Before autonomous vehicles take over and we can slap on an eyemask during our commute, we’re responsible for our own safety on the road. So, for now, we must signal, brake defensively, and yes, shoulder check. Well, we should do those things anyway. But plenty of drivers don’t bother looking over their shoulder, or even using their sideview mirrors, when lane changing. So, the sooner automakers come up with design and technology to reduce the danger of blind spots, the better.
However, just because we don’t have fully autonomous vehicles yet, doesn’t mean that technology can’t improve things like blind spots.
Toyota’s Cloaking Device
For example, Toyota is developing transparent A-pillars. If you don’t know, A-pillars are the columns supporting your roof in between the driver/front passenger window and the windshield. And Toyota plans to get them out of your sight line, but not by simply using a transparent material. Instead, they’ll feature a cloaking device. I’m not exaggerating, and I didn’t pull the term “cloaking device” out of the air. Toyota use it themselves:
“Each of the cloaking region boundary planes have an outward facing mirror surface and an inward facing opaque surface. The cloaking device includes a cloaking region bounded at least partially by the cloaking surface boundary planes.”
What does that mean? Well, basically, Toyota’s A-pillars will built with a combination of curved mirrors and see-through panels. With the right angle and arrangement of mirrors, they can reflect an image from the outside of the vehicle to the inside. If successful, the result would give drivers the illusion of completely invisible A-pillars, greatly enhancing visibility and reducing blind spots.
Blind Spot Detection
But Toyota’s tech, if it ever hits the market, is years away. And other manufacturers are offering things that can help kill blind spots right now. For example, most automakers in North America offer some sort of detection system for blind spots. Systems, like Ford BLIS or GM Side Blind Zone Alert, alert drivers when vehicles are occupying space in one of their blind spots.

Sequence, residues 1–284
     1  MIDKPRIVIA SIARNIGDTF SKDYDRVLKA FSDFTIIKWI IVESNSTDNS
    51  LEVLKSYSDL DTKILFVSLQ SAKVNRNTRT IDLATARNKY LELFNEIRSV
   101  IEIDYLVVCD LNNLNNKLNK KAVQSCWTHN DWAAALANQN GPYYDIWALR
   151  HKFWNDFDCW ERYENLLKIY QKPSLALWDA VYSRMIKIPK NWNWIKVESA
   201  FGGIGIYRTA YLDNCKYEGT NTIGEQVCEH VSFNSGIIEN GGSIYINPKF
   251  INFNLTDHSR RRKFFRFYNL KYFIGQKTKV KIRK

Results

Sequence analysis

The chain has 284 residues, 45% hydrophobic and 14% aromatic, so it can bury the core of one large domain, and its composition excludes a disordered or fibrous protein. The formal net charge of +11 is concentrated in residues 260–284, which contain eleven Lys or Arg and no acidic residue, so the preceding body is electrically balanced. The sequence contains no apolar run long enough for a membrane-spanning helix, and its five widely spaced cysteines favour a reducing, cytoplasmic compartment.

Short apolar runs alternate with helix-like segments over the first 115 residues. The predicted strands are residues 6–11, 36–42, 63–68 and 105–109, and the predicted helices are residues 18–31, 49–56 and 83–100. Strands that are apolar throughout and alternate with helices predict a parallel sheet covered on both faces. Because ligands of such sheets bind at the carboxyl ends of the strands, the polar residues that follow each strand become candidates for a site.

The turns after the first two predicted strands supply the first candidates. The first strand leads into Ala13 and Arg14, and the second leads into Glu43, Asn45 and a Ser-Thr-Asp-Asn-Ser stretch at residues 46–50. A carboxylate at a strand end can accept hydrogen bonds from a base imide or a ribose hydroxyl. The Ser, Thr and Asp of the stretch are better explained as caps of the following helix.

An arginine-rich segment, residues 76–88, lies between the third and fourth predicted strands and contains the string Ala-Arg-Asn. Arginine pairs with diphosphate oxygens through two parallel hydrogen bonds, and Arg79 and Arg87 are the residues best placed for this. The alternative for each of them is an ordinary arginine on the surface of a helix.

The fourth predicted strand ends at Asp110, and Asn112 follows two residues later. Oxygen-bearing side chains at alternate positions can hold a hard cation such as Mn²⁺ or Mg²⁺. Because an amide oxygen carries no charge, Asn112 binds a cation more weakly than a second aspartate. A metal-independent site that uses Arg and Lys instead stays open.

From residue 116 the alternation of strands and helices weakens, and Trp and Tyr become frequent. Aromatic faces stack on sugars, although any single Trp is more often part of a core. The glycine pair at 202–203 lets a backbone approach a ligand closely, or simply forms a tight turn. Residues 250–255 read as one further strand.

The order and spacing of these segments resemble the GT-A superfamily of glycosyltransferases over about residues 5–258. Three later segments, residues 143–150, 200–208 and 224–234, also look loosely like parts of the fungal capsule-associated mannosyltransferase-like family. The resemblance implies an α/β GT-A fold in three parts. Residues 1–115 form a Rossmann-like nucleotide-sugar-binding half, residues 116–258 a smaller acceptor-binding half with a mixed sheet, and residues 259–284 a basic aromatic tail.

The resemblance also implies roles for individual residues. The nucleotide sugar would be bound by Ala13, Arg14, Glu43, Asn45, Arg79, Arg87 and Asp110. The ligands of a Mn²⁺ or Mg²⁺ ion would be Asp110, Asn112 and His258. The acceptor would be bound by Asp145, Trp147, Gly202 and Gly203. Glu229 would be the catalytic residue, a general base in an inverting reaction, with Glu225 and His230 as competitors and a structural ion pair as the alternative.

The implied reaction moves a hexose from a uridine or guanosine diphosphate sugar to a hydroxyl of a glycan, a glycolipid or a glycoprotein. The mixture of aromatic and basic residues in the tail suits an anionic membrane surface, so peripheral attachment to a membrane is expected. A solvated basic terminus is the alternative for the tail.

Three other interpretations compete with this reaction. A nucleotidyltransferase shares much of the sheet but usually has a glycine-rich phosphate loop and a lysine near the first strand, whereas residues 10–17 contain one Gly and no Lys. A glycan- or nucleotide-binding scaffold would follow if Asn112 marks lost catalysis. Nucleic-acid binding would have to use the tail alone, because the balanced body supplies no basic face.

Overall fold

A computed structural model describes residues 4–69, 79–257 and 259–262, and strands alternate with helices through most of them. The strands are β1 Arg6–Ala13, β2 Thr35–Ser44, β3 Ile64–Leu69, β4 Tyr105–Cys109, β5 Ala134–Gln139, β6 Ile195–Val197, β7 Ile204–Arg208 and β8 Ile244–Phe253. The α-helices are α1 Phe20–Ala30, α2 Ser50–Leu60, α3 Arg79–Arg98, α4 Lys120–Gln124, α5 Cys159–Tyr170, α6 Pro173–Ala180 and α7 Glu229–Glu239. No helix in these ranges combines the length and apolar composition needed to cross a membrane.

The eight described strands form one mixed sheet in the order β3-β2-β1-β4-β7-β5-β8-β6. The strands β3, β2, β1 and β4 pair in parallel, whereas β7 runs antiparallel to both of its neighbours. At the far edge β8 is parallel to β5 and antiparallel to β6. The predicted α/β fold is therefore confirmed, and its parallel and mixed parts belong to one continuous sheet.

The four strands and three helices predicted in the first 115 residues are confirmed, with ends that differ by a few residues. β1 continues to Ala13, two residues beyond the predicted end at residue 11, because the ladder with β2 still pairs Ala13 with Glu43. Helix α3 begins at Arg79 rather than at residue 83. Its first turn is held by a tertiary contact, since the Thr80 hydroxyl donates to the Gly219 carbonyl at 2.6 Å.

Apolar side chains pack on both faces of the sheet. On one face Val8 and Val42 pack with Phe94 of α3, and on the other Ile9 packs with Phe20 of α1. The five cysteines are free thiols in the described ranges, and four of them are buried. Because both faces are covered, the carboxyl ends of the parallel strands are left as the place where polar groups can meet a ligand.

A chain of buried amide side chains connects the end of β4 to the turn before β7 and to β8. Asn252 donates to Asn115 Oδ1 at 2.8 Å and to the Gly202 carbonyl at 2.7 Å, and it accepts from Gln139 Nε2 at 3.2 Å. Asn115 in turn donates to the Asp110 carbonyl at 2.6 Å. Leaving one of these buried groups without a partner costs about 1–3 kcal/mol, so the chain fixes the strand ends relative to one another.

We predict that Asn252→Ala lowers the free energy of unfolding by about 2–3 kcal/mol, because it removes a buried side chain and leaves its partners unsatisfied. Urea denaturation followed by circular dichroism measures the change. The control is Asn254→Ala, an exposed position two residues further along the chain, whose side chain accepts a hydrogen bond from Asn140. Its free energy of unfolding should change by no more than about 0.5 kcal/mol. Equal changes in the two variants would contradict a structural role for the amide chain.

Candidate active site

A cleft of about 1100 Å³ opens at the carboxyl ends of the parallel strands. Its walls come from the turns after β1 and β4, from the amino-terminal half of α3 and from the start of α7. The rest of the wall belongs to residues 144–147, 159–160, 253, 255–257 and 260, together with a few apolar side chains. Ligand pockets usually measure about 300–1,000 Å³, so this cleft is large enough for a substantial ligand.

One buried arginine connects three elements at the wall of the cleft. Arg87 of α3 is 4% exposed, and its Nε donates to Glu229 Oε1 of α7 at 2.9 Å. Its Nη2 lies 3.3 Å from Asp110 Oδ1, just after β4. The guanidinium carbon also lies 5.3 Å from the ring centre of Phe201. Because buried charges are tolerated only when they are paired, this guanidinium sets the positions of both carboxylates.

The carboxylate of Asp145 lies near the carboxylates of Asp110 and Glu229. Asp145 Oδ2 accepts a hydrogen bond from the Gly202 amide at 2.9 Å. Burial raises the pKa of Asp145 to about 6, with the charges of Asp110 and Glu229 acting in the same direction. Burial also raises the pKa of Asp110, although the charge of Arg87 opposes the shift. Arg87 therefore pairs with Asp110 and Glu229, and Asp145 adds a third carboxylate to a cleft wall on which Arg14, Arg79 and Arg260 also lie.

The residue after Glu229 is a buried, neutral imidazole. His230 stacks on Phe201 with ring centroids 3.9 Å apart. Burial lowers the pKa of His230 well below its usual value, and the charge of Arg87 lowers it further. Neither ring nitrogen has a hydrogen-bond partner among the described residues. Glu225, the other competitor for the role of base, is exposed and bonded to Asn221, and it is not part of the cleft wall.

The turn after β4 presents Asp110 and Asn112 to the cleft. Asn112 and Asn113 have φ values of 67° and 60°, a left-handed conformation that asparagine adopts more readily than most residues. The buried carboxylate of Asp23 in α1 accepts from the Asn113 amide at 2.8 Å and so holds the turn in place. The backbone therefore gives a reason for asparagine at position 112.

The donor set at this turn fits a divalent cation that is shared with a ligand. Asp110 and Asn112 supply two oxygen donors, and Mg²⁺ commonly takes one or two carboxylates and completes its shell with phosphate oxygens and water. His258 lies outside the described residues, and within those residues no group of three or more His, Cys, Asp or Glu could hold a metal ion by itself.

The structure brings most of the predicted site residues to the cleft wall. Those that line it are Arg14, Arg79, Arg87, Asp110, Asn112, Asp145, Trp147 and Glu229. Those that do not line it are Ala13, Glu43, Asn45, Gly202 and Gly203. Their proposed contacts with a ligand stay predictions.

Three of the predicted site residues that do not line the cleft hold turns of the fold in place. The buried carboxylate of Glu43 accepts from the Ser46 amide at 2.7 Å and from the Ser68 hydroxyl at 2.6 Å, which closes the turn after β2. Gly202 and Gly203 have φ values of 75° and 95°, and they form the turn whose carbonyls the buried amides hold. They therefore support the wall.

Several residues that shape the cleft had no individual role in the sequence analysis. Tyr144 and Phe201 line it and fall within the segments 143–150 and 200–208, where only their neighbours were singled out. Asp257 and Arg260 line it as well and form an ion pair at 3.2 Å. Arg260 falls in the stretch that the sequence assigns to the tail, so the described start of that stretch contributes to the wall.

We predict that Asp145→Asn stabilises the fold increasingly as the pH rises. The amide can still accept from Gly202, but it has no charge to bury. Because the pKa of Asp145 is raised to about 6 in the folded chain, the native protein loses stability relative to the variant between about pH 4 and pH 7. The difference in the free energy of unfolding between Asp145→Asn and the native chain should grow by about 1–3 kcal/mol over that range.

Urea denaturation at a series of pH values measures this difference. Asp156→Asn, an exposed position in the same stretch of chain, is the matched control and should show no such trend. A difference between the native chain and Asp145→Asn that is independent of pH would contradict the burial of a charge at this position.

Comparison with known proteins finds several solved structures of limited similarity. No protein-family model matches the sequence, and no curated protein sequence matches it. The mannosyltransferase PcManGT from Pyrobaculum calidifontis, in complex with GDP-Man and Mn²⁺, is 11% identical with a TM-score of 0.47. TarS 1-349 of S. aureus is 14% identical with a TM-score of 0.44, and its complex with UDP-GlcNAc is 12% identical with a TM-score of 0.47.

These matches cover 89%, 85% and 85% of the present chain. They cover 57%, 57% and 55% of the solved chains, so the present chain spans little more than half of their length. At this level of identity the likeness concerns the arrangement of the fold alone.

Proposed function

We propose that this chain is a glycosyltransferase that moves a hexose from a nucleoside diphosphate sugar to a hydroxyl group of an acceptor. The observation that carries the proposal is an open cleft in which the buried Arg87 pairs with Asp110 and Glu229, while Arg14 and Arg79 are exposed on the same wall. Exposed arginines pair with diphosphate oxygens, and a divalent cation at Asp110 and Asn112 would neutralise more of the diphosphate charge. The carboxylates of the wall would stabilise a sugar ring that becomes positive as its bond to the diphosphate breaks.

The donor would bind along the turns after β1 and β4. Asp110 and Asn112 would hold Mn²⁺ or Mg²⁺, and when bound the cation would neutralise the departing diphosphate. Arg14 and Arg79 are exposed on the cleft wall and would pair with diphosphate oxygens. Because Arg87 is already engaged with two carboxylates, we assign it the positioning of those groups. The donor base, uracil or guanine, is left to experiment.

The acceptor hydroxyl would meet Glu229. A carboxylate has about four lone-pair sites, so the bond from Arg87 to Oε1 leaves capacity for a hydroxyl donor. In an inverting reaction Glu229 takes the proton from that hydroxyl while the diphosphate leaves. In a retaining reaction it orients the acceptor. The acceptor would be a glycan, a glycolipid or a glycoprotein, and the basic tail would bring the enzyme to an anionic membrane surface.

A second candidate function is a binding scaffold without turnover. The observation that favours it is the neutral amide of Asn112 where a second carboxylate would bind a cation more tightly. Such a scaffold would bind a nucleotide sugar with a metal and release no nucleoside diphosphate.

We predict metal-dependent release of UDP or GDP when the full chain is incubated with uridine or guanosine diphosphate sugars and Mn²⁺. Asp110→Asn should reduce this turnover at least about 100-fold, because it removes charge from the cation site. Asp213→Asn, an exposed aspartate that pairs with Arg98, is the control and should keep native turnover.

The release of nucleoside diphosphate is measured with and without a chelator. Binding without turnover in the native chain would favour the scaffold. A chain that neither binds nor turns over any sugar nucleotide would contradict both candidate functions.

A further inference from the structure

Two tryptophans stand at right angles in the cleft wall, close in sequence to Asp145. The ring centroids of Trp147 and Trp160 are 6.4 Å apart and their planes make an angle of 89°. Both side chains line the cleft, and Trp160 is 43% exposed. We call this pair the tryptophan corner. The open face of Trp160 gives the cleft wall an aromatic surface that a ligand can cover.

And according to a recent IIHS study, systems that monitor blind spots are making the road safer:
Results of the new study indicate that lane departure warning lowers rates of single-vehicle, sideswipe and head-on crashes of all severities by 11 percent and lowers the rates of injury crashes of the same types by 21 percent. That means that if all passenger vehicles had been equipped with lane departure warning, nearly 85,000 police-reported crashes and more than 55,000 injuries would have been prevented in 2015.
Of course, I imagine a dedication to conscientious, attentive driving could produce similar results.
Cadillac, meanwhile is trying to make blind spot monitors superfluous with a more elegant solution. The brand’s Rear Camera Mirror replaces the traditional, and highly limited rearview mirror using a series of cameras. When drivers look at the Rear Camera Mirror, they don’t see a reflection, they see a live, HD image of the road behind. The Rear Camera Mirror drivers a 300% greater field of vision than a traditional rearview mirror. As of right now, the Rear Camera Mirror is only an optional feature, but we may see it appearing in more GM vehicles in the near future.
The only remaining question is what will first achieve ubiquity: technology to remove blind spots for drivers, or technology to remove drivers entirely. Whatever the answer, our roads are bound to become much safer.